Jackie Scutari is a program manager for the Simon-Skjodt Center for the Prevention of Genocide, where she oversees a number of education and outreach initiatives. She manages the Museum’s exhibits on contemporary genocide and genocide prevention as well as the Center’s website and digital strategy. She also develops programming for professional and public audiences. Formerly she served as the Center's research assistant and managed the internship program. Prior to her work at the Museum she was the program administrator for Georgetown University’s Fellowship Program. She has a BA in psychology from Georgetown University and an MS in conflict analysis and resolution from George Mason University.
Amber Sears is the executive assistant to the director for the Simon-Skjodt Center for the Prevention of Genocide where she provides administrative support to the director and Center as a whole. Previously she served as the executive assistant to the vice president of administration and operations for the Chesapeake Bay Foundation. She has a BA in sociology from Pennsylvania State University with a minor in law and liberal arts.
Daniel Solomon is a research assistant for the Simon-Skjodt Center for the Prevention of Genocide, where he conducts research about contemporary mass atrocities and tools and strategies for their prevention. Previously he was a consultant at Booz Allen Hamilton, a global technology and strategy consulting firm, where he conducted research and analysis for US defense and commercial clients. He also worked for the West Africa and war crimes offices of the Central Intelligence Agency’s Directorate of Intelligence and as the national student director of STAND, a national network of student advocates for the prevention of violent conflict and mass atrocities. He has a BA in international security studies from Georgetown University’s School of Foreign Service.
Sara Weisman is the senior manager for planning and development for the Simon-Skjodt Center for the Prevention of Genocide where she develops, implements, and evaluates strategic priorities and initiatives and leads in the development of new fundraising strategies and activities for key Museum audiences. Formerly she served as the Center’s outreach coordinator and as its program assistant, providing support to the Genocide Prevention Task Force. Before joining the Museum in 2008, she worked as an executive assistant for the Assistant Secretary of State in the Bureau of International Organization Affairs at the US Department of State. She has a BA in international affairs with concentrations in development and economics and an MBA from George Washington University.
Lawrence Woocher is the research director for the Simon-Skjodt Center for the Prevention of Genocide. He previously served as senior atrocity prevention fellow with the United States Agency for International Development (USAID), where he supported the agency’s participation on the Atrocities Prevention Board, authored the Field Guide: Helping Prevent Mass Atrocities (PDF; external link), developed a new training module on atrocity prevention, and co-led the development of a new State Department–USAID Atrocity Assessment Framework. Prior to his USAID fellowship, he was research director for the Political Instability Task Force at Science Applications International Corporation, where he led efforts to enhance forecasting of regime change, civil war, mass killing, and other kinds of political violence worldwide. From 2006 to 2011, he was a senior program officer at the United States Institute of Peace (USIP), where he served as a member of the executive committee and lead expert on early warning for the Genocide Prevention Task Force, which was co-sponsored by the Museum and co-chaired by former Secretary of State Madeleine Albright and former Secretary of Defense William Cohen. Before joining USIP, he was a research fellow at Columbia University’s Center for International Conflict Resolution and, concurrently, a consultant on early warning to the Office of the Special Adviser to the UN Secretary-General on the Prevention of Genocide. He is a lecturer at the Elliott School of International Affairs at George Washington University and a graduate of Brown and Harvard Universities.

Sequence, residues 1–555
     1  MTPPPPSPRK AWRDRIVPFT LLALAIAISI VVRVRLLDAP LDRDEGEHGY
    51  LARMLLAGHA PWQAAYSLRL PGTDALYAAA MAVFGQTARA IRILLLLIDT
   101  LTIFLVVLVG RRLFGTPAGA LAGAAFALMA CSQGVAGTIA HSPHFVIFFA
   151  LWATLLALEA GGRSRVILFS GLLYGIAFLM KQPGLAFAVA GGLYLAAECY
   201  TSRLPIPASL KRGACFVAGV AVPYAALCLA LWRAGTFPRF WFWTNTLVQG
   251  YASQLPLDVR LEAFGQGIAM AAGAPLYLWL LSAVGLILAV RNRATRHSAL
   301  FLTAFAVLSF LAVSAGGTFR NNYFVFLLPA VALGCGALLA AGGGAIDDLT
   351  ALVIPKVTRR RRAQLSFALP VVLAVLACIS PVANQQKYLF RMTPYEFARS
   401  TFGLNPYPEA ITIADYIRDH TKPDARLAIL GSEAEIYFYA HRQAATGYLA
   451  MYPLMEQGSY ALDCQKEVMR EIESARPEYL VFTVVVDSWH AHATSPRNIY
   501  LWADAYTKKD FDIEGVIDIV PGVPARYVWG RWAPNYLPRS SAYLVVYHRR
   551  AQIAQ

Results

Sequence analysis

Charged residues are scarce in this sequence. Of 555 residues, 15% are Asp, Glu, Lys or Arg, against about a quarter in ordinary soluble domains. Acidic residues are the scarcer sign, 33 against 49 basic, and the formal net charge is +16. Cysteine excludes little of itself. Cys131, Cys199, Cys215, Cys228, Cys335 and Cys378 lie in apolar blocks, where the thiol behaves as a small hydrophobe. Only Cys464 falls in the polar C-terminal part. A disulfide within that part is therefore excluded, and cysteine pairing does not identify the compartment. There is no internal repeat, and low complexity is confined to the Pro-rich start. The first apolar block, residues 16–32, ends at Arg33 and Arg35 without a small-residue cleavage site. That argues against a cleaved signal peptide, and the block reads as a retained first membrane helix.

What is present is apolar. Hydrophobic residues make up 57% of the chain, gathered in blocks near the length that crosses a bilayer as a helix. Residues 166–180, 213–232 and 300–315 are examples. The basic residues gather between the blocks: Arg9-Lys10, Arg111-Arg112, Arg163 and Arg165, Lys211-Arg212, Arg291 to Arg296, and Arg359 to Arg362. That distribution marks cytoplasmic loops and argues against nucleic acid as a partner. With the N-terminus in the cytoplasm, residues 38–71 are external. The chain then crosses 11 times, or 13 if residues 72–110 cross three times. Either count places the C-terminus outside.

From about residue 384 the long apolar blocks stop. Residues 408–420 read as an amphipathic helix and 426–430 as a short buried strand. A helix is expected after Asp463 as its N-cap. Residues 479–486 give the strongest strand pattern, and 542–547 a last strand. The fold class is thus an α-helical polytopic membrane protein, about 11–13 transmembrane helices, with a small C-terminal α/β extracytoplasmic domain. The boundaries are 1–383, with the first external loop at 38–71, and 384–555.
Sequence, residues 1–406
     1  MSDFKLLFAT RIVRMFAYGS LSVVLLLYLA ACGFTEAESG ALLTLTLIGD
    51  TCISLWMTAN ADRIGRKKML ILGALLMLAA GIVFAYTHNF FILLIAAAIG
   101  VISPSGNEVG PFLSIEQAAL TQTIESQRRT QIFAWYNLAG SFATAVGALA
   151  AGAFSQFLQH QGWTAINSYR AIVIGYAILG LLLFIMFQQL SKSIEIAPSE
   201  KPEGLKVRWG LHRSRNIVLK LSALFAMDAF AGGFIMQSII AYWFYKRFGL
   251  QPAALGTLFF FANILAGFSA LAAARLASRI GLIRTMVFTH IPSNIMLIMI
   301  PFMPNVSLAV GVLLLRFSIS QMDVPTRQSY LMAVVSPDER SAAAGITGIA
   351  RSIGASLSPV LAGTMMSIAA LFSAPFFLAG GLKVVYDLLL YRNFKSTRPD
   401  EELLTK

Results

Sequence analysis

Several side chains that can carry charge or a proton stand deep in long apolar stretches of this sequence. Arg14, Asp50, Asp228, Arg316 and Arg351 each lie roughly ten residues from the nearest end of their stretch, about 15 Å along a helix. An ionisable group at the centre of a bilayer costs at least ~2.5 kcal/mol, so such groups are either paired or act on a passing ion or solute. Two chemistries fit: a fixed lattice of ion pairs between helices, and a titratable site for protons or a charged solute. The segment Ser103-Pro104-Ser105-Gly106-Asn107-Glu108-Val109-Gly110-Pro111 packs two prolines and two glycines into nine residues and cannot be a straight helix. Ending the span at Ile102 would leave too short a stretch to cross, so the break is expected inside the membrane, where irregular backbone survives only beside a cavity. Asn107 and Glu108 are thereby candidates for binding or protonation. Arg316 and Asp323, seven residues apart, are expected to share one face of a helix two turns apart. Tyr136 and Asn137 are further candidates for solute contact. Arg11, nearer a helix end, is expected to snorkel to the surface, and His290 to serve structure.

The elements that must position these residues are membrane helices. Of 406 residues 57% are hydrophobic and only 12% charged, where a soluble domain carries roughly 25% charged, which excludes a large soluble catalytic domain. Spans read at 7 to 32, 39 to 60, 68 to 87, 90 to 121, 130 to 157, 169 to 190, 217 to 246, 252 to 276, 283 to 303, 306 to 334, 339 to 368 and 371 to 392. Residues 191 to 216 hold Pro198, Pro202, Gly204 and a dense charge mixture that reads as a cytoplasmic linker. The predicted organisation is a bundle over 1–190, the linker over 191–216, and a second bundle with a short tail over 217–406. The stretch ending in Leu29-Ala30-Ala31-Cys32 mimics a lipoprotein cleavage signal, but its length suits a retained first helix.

Mollie Zapata is a research associate for the Simon-Skjodt Center for the Prevention of Genocide, where she is responsible for conducting quantitative and qualitative research on a wide range of issues related to genocide prevention, with a primary focus on the Center’s Early Warning Project. Previously Mollie had been doing natural language processing analytics at Monitor 360, an international affairs consulting firm, for various government and foundation clients. Her areas of interest are North and West Africa, conflict prediction, border security, security sector reform, transnational criminal and terrorist networks, and corruption. Prior to graduate school Mollie worked at the Enough Project on the Satellite Sentinel Project, using satellite imagery to report on mass atrocities and border violations in and between Sudan and South Sudan. Her other work experience includes the US Institute for Peace North Africa Program, the World Peace Foundation, the Institute for Inclusive Security, and National Geographic Television. Mollie holds an MA from the Fletcher School at Tufts University and a BA in international affairs from Boston University.